Her contribution and significance has been recognized and novelized as The Star Huntress published in [Johannes Hevelius and assistant using six-foot sextant to measure angular distances between pairs of stars] Book illustrations a quality copy of the original in color by citing the Call Number listed above and including the catalog record ("About This Item") with your request.

Following his death inshe completed and published Prodromus astronomiae (), their jointly compiled catalogue of 1, stars and their more [close] Elisabeth Koopmann Catherina Hevelius () (in Polish Elzbieta Hevelius also called) was the second wife of Johannes ://   Hevelius, Johannes yōhän´əs hāvā´lēo͝os, –87, Polish astronomer, b.

Danzig. From a finely equipped observatory in his house at Danzig, assisted by his wife Elizabeth, he made valuable observations of the moon's surface, discovered four comets, and collected data for his catalog of 1, :// The Hevelius Firmamentum was the first star atlas to rival Bayer's Uranometria in accuracy, utility, innovation, and influence.

Hevelius was perhaps the most active observational astronomer of the last half of the seventeenth century. His star atlas is notable for many reasons.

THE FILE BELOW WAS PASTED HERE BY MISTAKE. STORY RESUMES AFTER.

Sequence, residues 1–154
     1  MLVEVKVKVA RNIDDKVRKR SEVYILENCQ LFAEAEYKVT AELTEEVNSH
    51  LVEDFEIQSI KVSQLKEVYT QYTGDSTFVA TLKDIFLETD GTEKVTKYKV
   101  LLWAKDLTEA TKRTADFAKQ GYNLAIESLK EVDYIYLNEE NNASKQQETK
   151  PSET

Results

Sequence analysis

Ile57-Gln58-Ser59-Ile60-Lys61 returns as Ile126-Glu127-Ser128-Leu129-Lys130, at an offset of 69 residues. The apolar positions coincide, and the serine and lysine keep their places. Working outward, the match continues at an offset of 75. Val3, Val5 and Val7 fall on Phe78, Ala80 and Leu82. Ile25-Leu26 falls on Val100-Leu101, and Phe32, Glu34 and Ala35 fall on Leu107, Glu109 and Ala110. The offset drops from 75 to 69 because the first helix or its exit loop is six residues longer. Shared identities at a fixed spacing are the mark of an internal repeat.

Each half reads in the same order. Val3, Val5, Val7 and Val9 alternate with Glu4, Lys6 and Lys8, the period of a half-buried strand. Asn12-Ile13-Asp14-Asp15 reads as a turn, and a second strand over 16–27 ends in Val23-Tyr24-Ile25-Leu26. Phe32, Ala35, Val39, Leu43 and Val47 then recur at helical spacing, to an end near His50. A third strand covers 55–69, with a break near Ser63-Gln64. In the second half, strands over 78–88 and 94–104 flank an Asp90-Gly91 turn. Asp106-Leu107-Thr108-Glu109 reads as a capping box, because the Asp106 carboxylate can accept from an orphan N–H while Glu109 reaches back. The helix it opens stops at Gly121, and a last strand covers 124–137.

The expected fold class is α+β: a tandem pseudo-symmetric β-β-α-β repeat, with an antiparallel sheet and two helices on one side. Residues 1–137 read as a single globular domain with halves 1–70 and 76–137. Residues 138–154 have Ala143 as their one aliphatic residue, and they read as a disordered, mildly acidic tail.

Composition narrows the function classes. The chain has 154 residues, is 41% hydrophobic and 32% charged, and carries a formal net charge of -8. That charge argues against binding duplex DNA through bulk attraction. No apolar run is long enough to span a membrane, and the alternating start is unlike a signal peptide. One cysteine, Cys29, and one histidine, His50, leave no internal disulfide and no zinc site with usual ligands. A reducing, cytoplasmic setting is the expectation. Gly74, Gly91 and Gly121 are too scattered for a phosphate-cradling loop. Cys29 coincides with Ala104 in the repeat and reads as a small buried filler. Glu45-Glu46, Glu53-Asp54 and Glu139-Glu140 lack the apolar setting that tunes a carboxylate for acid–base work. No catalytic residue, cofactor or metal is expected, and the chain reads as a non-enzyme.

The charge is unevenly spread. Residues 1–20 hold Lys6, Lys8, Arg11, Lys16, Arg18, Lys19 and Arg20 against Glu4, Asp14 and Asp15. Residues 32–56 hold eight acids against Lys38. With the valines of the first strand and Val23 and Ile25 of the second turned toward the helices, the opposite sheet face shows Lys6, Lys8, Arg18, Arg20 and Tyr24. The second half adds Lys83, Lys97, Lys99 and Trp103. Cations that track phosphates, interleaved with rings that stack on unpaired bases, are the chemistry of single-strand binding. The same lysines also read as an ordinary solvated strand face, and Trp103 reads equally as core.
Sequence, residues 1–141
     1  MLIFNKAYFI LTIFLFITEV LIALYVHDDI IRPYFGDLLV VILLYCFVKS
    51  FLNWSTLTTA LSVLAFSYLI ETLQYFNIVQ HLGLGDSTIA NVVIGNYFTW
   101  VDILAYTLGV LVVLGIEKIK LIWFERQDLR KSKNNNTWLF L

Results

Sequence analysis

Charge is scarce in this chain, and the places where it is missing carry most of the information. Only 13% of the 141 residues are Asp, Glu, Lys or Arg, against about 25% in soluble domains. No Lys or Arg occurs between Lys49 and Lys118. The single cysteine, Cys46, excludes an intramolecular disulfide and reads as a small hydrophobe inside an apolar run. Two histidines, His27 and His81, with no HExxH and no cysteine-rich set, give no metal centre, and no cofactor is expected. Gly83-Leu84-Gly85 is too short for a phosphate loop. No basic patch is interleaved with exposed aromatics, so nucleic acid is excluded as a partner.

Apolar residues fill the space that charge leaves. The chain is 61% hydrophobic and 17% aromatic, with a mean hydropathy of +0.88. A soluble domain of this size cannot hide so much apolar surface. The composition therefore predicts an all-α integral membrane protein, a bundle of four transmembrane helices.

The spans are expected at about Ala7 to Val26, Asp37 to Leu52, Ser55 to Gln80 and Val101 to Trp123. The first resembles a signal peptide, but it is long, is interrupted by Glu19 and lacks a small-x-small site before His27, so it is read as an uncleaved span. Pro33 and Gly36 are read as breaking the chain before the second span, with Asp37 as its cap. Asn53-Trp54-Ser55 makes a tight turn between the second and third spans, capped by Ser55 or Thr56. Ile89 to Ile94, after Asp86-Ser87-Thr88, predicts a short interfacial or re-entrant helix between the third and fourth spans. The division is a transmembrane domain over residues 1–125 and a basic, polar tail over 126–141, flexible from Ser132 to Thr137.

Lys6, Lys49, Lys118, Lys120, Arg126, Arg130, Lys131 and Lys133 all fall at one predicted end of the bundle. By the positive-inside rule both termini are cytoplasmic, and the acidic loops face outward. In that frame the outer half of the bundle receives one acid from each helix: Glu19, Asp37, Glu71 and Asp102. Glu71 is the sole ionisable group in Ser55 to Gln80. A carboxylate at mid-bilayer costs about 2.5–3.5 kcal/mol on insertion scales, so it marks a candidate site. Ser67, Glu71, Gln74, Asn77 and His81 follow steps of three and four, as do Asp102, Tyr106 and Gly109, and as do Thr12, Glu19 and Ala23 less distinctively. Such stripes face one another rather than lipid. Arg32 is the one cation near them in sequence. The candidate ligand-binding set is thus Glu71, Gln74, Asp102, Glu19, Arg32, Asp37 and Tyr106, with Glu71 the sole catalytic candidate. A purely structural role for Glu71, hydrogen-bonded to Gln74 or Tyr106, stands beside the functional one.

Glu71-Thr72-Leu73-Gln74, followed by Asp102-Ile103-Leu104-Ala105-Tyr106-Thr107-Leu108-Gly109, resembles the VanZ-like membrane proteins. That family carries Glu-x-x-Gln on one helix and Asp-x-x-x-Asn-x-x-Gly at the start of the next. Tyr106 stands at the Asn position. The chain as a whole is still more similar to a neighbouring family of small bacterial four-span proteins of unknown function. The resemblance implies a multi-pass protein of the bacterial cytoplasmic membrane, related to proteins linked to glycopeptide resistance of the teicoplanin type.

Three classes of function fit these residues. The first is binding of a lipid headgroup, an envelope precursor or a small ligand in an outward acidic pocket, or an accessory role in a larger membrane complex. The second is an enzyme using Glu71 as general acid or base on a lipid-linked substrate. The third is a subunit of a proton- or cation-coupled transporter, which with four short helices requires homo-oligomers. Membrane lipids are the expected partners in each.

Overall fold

It contains fifty-six large, exquisite, double-page engraved star ://   JOHANNES HEVELIUS was a wealthy brewer from Danzig, now Gdańsk, Poland. In the s he set out to enlarge and improve upon the star catalogue of the Danish astronomer Tycho Brahe. Hevelius observed from a platform over the roof of his house with naked-eye instruments such as a quadrant and sextant, assisted from by his second wife.

The illustrated account given by Hevelius in his "Machina celestis" of the method of mounting his telescopes and erecting an observatory: reprinted from an original copy by Johannes Hevelius (Book) 10 editions published between and in 3 languages and   Prodromus Astronomiae is a star catalog created by Johannes Hevelius and published posthumously by his wife and research aid Elisabeth Hevelius in The catalog consists of the location of 1, stars listed by constellation.

It consists of three separate parts: a preface (labeled Prodromus), a star catalog (named Catalogus Stellarum), and an atlas of constellations (named Hevelius constructed sextants, quadrants without optics (for accurate measurements), and refractors (up to 70 m, “aerial tubes” for observations).

He compiled () a catalog of 1, stars that was more accurate than that of Tycho Brahe and delineated 11 new constellations. In The Celestial Machine () he described his ://